Thursday, January 19, 2012

Sinclair Executive Pocket Calculator - it all adds up!

We have recently been donated this original Sinclair Executive handheld calculator. This is one of the earliest electronic pocket calculators that can claim to actually be pocket sized - the New Scientist Journal reviewed it as 'the first calculator that can comfortably fit in the user's pocket along with his wallet and cheque book'. It was a third thinner than anything else on the market when it was launched in August 1972. 

Sinclair Executive Calculator with Texas Insturments GLS 1802 chip inside. Dimensions: 138mm(H), 56mm (W), 9mm (D).
The significance to Bedford is the fact that the tiny silicon chip, known as the 'Calculator On' chip, that operated the display and components for the calculator was invented and manufactured by Texas Instruments in Bedford. Texas Instruments had moved and expanded from Dallas, USA to Bedford, UK in 1957 to built one of the largest semi-conductor research and manufacturing facilities, to assist their expansion into the European markets.
The miniature silicon integrated circuit chips were developed for a range of applications, the pocket calculator being just one. I am sure many of our readers will have owned or come across Texas Instrument calculators, computers and other devices available during the 1970's and 1980's. Other products aside from the calculator that used the 'microcomputer' chip, invented in 1971 by Michael Cochran and Gary Boone, included microwave ovens, sewing machines, telephones, vending machines and of course early electronic computer games.

Texas Instruments Offices built at Dallas Road, Bedford in 1958 © Texas Instruments Ltd. 
Sinclair Radionics Ltd. was a firm based at Huntingdon and the inventor of the pocket calculator was Clive Sinclair. Clive wanted the calculator to be truly pocket sized and designed it to use button cell (watch type) batteries, rather than the standard AA size batteries to allow the calculator to be much thinner. He also experimented with the TI chip, using it in a new way that allowed the cell batteries to last much longer through pulsing the power to the chip.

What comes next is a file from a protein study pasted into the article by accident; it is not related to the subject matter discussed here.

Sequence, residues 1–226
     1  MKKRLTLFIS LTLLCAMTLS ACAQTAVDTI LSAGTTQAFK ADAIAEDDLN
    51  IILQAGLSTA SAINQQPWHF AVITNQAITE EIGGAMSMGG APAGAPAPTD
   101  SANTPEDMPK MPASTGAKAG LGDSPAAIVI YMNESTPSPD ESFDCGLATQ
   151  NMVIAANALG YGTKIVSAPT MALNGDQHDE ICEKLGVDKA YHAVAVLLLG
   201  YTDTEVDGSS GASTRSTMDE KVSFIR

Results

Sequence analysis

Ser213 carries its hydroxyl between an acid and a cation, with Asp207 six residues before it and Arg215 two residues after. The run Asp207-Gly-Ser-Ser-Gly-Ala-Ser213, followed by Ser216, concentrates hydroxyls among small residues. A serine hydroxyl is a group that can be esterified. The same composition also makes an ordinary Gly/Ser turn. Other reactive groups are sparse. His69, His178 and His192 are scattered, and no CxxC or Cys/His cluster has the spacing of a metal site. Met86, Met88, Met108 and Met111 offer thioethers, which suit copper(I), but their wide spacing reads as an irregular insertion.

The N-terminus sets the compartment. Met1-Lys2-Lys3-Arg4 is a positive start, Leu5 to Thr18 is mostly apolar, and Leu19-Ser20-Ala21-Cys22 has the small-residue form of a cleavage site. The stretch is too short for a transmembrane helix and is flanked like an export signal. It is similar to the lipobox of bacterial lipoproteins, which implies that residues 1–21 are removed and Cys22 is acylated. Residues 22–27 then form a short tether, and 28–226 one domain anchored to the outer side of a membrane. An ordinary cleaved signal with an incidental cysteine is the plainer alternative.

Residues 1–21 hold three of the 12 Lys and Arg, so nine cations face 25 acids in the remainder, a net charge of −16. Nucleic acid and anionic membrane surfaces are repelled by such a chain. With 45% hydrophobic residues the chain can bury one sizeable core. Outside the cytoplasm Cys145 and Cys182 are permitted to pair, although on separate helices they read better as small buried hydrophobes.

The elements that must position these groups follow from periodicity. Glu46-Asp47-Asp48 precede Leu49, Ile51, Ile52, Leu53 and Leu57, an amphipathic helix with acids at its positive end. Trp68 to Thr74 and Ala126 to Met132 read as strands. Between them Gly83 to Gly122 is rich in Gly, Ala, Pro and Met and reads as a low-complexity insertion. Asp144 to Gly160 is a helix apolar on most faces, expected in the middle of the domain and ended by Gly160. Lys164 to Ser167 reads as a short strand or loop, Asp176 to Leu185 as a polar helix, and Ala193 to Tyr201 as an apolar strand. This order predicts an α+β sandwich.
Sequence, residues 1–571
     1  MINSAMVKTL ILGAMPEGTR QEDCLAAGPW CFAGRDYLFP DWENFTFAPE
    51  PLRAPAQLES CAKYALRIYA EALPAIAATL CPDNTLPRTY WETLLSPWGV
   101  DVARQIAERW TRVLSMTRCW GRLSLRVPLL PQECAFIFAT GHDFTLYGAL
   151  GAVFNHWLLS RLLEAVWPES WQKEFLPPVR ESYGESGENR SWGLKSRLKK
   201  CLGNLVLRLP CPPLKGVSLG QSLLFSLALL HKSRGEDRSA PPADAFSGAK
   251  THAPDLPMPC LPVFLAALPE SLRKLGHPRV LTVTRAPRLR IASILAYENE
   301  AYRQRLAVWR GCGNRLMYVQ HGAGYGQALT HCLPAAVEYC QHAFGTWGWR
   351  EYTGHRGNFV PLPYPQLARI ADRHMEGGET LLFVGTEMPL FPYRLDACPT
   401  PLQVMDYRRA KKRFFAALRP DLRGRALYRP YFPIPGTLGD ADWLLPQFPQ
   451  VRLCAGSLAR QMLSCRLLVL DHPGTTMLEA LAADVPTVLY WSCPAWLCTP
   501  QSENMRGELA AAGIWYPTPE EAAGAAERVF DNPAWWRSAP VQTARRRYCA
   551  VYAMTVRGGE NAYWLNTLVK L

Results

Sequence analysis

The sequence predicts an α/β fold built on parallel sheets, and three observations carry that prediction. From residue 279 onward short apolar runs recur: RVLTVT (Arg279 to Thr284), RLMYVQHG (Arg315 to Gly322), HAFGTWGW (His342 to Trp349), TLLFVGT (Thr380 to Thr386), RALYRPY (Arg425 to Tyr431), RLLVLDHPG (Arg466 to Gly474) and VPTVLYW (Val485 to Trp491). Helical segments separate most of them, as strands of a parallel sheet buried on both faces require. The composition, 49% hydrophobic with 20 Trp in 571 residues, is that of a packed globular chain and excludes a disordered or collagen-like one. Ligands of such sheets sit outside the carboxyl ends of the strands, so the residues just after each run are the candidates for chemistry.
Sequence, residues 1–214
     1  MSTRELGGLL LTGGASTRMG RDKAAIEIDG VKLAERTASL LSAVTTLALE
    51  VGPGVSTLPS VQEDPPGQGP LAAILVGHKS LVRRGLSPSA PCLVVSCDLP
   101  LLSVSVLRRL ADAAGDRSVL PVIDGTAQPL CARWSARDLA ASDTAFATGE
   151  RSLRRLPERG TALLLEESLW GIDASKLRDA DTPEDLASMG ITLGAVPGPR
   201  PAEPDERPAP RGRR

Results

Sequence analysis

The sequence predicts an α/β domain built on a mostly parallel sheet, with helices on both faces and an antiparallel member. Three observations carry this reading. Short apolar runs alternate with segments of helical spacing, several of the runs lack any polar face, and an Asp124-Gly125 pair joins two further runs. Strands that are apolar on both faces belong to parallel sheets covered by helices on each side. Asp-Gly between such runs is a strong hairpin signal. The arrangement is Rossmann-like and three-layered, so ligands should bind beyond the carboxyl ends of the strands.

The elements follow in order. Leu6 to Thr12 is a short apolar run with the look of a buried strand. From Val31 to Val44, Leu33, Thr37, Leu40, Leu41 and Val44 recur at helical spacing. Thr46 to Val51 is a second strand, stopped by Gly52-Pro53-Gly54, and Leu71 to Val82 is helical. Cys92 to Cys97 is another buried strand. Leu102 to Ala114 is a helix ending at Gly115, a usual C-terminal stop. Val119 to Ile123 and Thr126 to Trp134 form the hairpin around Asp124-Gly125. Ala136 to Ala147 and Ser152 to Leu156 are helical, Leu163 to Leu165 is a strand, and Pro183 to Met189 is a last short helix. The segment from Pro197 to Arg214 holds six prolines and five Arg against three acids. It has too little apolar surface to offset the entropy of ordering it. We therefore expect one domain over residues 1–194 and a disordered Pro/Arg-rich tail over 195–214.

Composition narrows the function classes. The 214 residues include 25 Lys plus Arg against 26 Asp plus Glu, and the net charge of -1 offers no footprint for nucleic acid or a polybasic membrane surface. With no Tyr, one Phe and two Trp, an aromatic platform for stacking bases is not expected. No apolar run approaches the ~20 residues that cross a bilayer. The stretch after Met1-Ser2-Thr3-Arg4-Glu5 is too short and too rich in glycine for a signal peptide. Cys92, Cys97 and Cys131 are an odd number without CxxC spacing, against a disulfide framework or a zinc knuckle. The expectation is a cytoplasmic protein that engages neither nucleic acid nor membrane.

John, our donor, bought the calculator soon after it was launched while he was working at the Sunlife for Canada insurance company in Northampton. He remembers seeing it advertised in the Daily Telegraph on the train on his way down to London to the Ideal Home Exhibition at Olympia, where his company had a stand. The calculator was advertised from the recommended retail price of £84 at the discounted price of £59. He decided that he would purchase one for his work and thinks it was bought from a shop either in Oxford Street or Tottenham Court Road. John remembers that at first he would forget to turn off the calculator when not in use to preserve the batteries, which did not last long – only around 2 hours. John bought the calculator for use by himself and others in his team – who he trained to use the equipment. It requires 4 button cell batteries and these became expensive and difficult to get hold of, so John stopped using the calculator after about 4 or 5 years. The calculator still has its red velvet case, instructions for operation and manufacturers details. It is certainly a valued addition to our collection as a contemporary item connected with Bedfordshire's technological development and industry.

If you think that you have an iconic Texas Instrument's object that you know was made or developed in Bedford along these lines then feel free to share it with us in the comments, on facebook, twitter, or get in touch via 

Lydia Saul
Keeper of Social History

Thanks to our donor, John.
Thanks to Kenneth Sanders for the photograph of the Texas Instruments building.
For further information see Texas Instruments Timeline
For further information about Sinclair Executive Calculators see Vintage Calculators website

1 comment:

  1. Even the legendary super-brain Isaac Newton was known to complain about the time it took to do simple sums on paper. So this invention has been a big help and a wonderful innovation.